Charlotte and Nicki have both chimed in on the Weinergate scandal, which–while primarily a gossipy, sex scandal-does seem to epitomize several troubling trends in our society: A ruling class that believes that rules don’t apply to them, and culture that doesn’t take commitments, such as marriage vows, seriously, and which more often seems to leave women paying the price.
Charlotte suggested that Weiner will likely have to give up his seat. I’m not so sure. As I noted here, male politicians increasingly seem to weather such scandals, taking a short-term political hit that then recedes into memory. Weiner’s colleagues are distancing themselves from him now, and his chances at higher office are probably blown, but it seems unlikely that his constituents will remember this scandal next year when it comes time to vote again. If Rep. Charlie Rangel can survive massive tax evasion (laws that he was in charge of writing), it seems a safe bet that a New York Democrat can survive a sex scandal.
And certainly Weiner and his allies will be working to convince the public that this is just a personal peccadillo of no importance to his ability to perform his public job. They’ll fan the idea that we Americans should be more sophisticated about sex issues.
But in fact this isn’t just a sex issue. The Congressman lied repeatedly to reporters and the public, claiming that he was the victim of a crime, in order to protect himself from personal embarrassment. How can we trust this man again? As Megan McArdle suggested, he opened himself up to blackmail from anyone who could get their hands on one of these embarrassing pictures (which are apparently plentiful). This complete lack of judgment and self-control should be disqualifying.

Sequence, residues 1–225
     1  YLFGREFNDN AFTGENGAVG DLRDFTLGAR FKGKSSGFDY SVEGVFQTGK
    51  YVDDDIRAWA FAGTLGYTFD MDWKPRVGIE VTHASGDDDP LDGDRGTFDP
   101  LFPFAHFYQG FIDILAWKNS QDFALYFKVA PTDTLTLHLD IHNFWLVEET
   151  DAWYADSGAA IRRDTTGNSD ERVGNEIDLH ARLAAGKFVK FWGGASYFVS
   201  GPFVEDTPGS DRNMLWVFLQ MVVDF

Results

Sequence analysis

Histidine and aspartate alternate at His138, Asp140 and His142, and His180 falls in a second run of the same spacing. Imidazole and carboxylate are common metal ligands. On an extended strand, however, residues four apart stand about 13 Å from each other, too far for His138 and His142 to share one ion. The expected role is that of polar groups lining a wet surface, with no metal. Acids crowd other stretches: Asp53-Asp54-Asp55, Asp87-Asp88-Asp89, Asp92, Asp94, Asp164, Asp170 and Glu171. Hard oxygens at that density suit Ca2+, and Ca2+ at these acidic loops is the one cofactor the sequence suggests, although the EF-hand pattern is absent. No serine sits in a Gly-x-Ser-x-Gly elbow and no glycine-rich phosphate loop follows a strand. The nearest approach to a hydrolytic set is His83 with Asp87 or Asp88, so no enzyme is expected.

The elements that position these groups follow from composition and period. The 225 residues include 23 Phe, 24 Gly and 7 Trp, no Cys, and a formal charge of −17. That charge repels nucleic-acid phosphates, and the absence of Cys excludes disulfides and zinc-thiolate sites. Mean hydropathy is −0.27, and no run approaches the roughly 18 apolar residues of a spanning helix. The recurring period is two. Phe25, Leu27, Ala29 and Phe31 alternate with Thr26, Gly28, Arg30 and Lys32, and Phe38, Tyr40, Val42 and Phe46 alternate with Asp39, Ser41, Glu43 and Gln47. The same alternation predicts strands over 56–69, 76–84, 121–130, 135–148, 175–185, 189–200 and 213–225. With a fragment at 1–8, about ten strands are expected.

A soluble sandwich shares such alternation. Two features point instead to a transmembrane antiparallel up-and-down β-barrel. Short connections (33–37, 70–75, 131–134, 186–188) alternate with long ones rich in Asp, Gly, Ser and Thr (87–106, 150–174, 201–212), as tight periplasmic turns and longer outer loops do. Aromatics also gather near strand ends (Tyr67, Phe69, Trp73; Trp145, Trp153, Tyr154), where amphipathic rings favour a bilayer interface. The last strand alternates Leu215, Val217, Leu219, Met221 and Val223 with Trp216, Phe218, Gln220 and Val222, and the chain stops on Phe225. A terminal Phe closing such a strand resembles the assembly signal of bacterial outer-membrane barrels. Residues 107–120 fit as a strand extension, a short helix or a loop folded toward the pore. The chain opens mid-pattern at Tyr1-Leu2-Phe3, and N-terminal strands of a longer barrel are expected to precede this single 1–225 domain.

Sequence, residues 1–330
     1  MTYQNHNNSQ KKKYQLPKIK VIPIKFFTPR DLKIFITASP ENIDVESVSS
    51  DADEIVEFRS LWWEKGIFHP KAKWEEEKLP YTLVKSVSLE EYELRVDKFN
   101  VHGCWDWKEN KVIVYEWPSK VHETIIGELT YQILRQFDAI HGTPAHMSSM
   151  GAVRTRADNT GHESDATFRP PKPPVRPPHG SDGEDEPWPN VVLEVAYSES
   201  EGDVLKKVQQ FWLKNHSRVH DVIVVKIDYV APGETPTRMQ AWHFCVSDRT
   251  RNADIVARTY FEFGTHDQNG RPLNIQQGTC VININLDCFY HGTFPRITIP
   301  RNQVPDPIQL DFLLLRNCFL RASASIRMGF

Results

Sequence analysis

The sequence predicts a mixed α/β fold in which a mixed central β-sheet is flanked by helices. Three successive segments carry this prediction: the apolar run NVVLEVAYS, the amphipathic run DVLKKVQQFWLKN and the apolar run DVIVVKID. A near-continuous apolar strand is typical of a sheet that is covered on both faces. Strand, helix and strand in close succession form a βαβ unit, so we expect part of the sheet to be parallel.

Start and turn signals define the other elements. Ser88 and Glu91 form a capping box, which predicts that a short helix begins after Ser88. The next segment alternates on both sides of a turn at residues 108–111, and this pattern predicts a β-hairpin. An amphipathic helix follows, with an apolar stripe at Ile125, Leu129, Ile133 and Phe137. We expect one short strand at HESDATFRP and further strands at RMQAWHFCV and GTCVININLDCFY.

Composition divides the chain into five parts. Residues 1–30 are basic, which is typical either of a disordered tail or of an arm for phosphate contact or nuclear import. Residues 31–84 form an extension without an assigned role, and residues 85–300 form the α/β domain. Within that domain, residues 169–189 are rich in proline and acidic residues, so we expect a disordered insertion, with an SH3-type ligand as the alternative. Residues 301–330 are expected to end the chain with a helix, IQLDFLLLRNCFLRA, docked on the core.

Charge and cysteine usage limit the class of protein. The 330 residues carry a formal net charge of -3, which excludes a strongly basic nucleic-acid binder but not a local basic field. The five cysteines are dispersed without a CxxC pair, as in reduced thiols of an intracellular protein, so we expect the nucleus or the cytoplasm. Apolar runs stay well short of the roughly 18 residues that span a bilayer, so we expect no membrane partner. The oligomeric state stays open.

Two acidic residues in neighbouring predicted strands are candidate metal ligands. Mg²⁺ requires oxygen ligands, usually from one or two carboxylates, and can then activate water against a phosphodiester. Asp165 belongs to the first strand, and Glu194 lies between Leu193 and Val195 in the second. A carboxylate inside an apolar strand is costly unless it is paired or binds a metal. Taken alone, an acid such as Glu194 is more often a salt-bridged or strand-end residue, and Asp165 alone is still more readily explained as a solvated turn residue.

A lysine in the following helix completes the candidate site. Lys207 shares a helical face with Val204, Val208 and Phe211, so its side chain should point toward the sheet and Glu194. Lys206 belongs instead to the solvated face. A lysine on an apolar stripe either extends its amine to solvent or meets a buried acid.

This latest scandal is revealing in how our society treats women and some of the problems with modern feminism. Earlier this week, Charlotte responded to Jessica Valenti’s celebration of the “slut walk” movement. Valenti suggests that this is a needed movement to remind men that rape isn’t okay regardless of what a woman wears.
And yes, that’s an important message and one that just about every civilized person in the country agrees with. Yet agreeing that rape is never okay doesn’t mean that one shouldn’t advise a young woman that she should consider what behaviors put her in increased danger. People are regularly warned about not parking in areas that are known for high rates of car theft. This doesn’t mean that car theft is condoned or I think you invited a car thief to steal your car if you park there or leave something valuable on your front seat. But it’s good information to know where these crimes tend to happen.
Years from now, I can imagine giving my daughters the warning that being drunk and scantily clad at a fraternity house will put them at a higher risk of assault. That doesn’t mean that I in any way condone the assault or think that being drunk in a short skirt is “asking for it,” but it’s ludicrous to pretend that there isn’t a higher risk of assault in certain situations.
Rape is never okay. Neither is murder, battery, assault, theft, etc. Yet the sad truth is that such crimes exist and always will. Yes, we need to work to educate the public about these crimes and prevent them from happening, but we should also encourage an honest and realistic understanding about precautions that women can consider taking personally.
How does this relate to Weinergate? Only that it’s worth noting that it seems that women always pay a higher price for casual sex. Perhaps it’s supposed to be very sophisticated to shrug off infidelity and a married man who exchanges explicit photos with young women who may or may not be of age. But the woman involved – the Congressman’s wife and the woman who were involved in the scandal – seem likely to pay a higher price than the Congressman himself. A society that just accepts that men will men and allows the Congressman Weiners, the Schwarzenegger, the Clintons, Spitzers, and the nearly endless list of other men that cheat on their wives and take advantage of young women is really not in women’s best interest.
Yet feminists like Valenti seem to conflate the promotion of casual sex as the key to women’s liberation. I understand the desire to move away from a society that demonizes women who have sex outside of marriage, but it’s mistake not to recognize that some conventions about sex are meant to protect women, and their destruction has serious unintended consequences for women.